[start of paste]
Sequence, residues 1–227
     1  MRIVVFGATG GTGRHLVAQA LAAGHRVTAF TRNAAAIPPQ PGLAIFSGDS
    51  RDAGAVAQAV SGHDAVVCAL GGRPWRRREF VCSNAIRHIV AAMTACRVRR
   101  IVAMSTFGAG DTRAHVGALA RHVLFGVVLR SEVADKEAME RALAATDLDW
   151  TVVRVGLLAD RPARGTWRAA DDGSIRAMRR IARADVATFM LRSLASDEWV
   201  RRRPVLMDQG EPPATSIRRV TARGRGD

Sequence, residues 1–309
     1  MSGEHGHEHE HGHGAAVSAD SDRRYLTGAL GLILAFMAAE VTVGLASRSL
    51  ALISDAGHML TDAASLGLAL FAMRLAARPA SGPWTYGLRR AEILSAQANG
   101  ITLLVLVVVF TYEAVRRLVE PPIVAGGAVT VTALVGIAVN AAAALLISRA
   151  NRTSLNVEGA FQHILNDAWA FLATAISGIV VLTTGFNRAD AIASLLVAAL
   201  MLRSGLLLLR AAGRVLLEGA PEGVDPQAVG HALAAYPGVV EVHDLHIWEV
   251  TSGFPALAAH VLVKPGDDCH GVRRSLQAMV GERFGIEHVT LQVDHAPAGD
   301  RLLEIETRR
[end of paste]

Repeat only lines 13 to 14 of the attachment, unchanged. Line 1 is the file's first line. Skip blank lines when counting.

   251  TSGFPALAAH VLVKPGDDCH GVRRSLQAMV GERFGIEHVT LQVDHAPAGD
   301  RLLEIETRR